Ran with Scott while FWA was in his clarinet lesson. Warm. Sunny. Windy. Crowded. Instead of our regular room through Boom Island, we decided to take the service road to the U and run across the pink bridge. That loop is only 2.2 miles so we added one more trip across Stone Arch bridge.

This week in my poetry class we talked about the caesura (a stop of pause in the metrical line). Here’s a great poem, by a wonderful person, about the caesura. Love it!

WEIGHT
by Carolina Ebeid

(hush listen)

Is a caesura a quiet hallway

in a church? Is it a silence

with commandments to hush,

listen? Was it composed for

two voices? Is that silence

like the time you said stop it

wait to the boys, how you

should have said stop, but

you said nothing behind

la carnicería that sold live

chickens? When a boy picked

up the brick throwing it at

the hen—wait— from a near

distance? Is the caesura that

near distance a brick travels

from hand to head? Is white

space like piano keys playing

softer & softer until zero

decibels? Is it the cleared

sweep after a missile falls

no more green? Does it share

the pull of gravity? Is it the living

body of Ana Mendieta? Dropped

—stop—out of a window?

Is she in a kind of white now?

Is it composed of no & no?

Wouldn’t you say the white

is like the space of an envelope?

Where the postage must go?

Dear person who won’t write

back, Most esteemed ghost

matter, My darling inventory

of nature? The white lie

white whisper hearsay flickering

all reaching the moment of

a candle blown out? Is the white

break like a hospital door

swinging open & there your father

delivered back to you? Linen

white muzzle across the face?

Does the break assemble into

a waiting room? One woman asks

for the housekeeper’s name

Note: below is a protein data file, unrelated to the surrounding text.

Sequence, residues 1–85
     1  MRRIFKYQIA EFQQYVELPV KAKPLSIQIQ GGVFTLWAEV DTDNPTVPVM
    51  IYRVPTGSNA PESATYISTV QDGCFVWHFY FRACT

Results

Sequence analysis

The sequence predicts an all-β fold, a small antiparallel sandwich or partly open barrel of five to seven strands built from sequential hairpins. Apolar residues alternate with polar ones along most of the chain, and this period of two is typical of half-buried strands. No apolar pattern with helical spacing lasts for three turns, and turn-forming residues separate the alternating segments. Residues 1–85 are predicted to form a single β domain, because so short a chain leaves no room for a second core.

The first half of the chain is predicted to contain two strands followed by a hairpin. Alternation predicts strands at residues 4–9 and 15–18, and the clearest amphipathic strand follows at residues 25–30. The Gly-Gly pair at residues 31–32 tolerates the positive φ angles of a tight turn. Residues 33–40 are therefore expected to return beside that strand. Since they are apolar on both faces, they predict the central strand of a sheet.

while her friend replies:

aren’t they all named Maria?

Is the white space clean

with the smell of ammonia?

Is there dizzying laughter? Say

stop it, wait. Is it like a hurricane

with the same name? Has it become

marble-quite like a wall

for interning ashes? Is it the sound

of rubble? Isn’t the empty white

more like moons growing brightest

from right to left? Right to left

like a message in the Arab

side of town, spray-painted

on a curfew night? Won’t you say

it’s composed for more than two

voices? Like a chorus that speaks

in unison there? Aren’t they all

named Maria? Do they make

the sound of rubble? The nothing

you say, is it dressed in white

like the guy in your group punching

the girl from the rival group who

talks trash at us & he hits her

because a woman is liberated just

like a man? Liberation?

Is it blurred & blank with flight?

Wasn’t it composed for a pyro-

technic finale? Whites of eyes

like the white of a room you walk into

& no one seems to be grieving?

Isn’t the white, the whites of human

teeth glossed with blood

on the concrete?

april 19/RUN

5.25 miles
franklin bridge loop
52 degrees!